New housing leads to debate on who picks the residents
Even as future residents of Alpine Cottages prepare to move into their new homes, the leeway given to the developer in choosing the project’s occupants is causing objections.
Alpine Cottages, a soon-to-be-completed, housing development on Aspen’s east side, includes 10 affordable housing units – four Resident Occupied units and six category units – plus four free-market homes.
But of the 10 affordable units, only two will be entered into the general housing lottery. The future residents of the other eight units were chosen by the project’s developer, Tim Semrau.
“If this happened with a 100 percent affordable housing project, that would fine with me, but there are free market units involved,” said housing board member Bob Helmus. “The whole point of mitigation is that it’s supposed to be to the benefit of the community – the whole community – and this is not.”
Alpine Cottages was one of the last projects approved before new housing guidelines were adopted that limit a private developer to picking only one-third of the occupants. Previously, each project was reviewed on a case-by-case basis.
Former Mayor John Bennett said he reluctantly approved limiting a developer’s choice, since choice served as an incentive for the private sector to build affordable housing.
“If a private developer is putting up the money, taking on the risk, I think that enticement should be there,” Bennett said.
But Bennett describes a developer’s potential to choose an occupant that has lived here for less than four years as “a loophole that needs to be closed.”
All future residents of affordable housing, including those picked by a developer, must meet the affordable housing guidelines, but those guidelines still allow the “loophole” that worries Bennett.
In general, only housing lottery participants who have “priority” status – they have lived and worked in Pitkin County for at least four years – are likely to get in on a lottery.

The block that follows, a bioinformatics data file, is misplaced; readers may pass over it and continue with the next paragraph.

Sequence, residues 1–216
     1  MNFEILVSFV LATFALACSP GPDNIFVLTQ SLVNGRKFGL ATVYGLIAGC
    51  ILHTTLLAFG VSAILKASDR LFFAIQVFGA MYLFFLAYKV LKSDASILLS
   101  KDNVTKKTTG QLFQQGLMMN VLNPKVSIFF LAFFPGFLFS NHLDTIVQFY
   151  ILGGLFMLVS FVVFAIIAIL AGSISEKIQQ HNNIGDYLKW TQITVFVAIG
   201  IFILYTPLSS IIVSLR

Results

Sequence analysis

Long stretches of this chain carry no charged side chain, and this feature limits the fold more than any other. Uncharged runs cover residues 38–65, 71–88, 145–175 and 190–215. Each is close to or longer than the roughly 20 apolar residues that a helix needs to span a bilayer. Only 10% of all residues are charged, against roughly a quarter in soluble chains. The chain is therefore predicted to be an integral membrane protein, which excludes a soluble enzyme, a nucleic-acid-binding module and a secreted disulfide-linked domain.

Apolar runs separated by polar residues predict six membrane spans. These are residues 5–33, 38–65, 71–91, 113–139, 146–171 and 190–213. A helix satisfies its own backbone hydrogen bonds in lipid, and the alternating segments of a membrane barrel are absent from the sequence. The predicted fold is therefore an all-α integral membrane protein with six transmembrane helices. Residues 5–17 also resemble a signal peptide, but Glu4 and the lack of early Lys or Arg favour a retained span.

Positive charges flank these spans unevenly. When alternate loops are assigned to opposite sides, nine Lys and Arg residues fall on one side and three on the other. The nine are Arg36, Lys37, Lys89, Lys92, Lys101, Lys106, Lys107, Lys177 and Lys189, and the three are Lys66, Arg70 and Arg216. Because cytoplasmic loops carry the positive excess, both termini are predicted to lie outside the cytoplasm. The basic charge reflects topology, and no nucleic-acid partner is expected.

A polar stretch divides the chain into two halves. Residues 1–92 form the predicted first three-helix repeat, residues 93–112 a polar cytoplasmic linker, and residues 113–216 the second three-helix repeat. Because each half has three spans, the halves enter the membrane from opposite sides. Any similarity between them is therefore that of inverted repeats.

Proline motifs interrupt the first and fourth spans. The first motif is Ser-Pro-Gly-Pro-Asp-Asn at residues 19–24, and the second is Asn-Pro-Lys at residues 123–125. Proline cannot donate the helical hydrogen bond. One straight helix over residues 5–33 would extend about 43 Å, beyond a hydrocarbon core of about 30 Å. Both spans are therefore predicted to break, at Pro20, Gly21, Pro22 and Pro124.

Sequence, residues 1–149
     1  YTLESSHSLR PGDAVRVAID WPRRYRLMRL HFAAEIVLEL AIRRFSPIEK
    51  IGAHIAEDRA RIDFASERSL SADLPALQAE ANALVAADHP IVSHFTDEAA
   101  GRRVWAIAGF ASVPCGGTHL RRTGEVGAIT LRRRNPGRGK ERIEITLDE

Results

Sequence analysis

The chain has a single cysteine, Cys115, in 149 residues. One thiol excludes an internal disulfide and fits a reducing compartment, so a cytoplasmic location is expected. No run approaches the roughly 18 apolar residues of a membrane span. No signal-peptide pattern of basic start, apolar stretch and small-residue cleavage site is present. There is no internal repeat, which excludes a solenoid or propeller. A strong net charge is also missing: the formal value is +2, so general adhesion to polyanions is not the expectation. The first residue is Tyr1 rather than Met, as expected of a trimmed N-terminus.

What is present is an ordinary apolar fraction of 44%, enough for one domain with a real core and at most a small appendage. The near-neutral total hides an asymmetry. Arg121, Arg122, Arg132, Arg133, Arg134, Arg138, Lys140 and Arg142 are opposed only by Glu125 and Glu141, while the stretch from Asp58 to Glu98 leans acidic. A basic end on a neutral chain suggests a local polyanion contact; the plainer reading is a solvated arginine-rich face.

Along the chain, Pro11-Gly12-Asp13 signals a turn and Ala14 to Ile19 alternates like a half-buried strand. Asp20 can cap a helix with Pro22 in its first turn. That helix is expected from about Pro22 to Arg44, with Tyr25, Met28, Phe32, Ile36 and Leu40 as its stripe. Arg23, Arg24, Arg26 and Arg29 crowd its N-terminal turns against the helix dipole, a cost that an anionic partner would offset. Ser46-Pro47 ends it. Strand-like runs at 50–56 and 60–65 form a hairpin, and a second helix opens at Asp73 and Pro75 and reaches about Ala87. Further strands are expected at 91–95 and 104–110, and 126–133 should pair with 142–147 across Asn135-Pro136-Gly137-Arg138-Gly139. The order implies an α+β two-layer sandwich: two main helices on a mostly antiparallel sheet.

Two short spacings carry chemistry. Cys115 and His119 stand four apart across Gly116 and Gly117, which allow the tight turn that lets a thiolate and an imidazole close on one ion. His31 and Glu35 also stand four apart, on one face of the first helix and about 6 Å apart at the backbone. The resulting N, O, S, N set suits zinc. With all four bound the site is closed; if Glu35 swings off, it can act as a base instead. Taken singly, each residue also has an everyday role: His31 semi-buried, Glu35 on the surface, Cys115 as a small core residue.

According to housing board member Mick Ireland, he only knows of two or three cases in the last five years’ worth of lotteries in which a unit went to a new arrival. But it is possible.
Under the current lottery system, a first round of applicants almost always comes from a pool of employees who have lived here for at least four years. But if there are no entries in that first round, full-time employees who have been in the area for less time can enter.
“I’m generally not enthusiastic about developer’s choice, because it creates the impression that affordable housing is an insider’s game – that it’s about who you know,” Ireland said. “You know, `some people are more equal than others.’ “
In the particular case of Alpine Cottages, only one individual slated to receive a unit in the project has not worked in Pitkin County for at least the past four years, said Semrau. And the sole exception is a person who lived in Aspen for five years, moved away, then came back about a year ago.
Semrau acknowledges that private developers could choose friends or relatives who have never lived here, “but in practice, that’s not how it works,” he said.
In addition to the varying residency standards created in “developer’s choice” units, however, Helmus also sees a potential for abuse by developers. They could be “lining their pockets” by paying lower wages in exchange for a future unit, he said.
“I’ve never heard of that happening,” Semrau countered. He said he does not engage in that sort of “in-kind” bartering himself. Furthermore, he said he has never considered such a proposition and wonders if the time spent speculating on such abuses couldn’t be better spent.
“Instead of using their time imagining how people might cheat in the program, I think it might be more constructive to imagine how to get more people involved in building for the program,” Semrau said.
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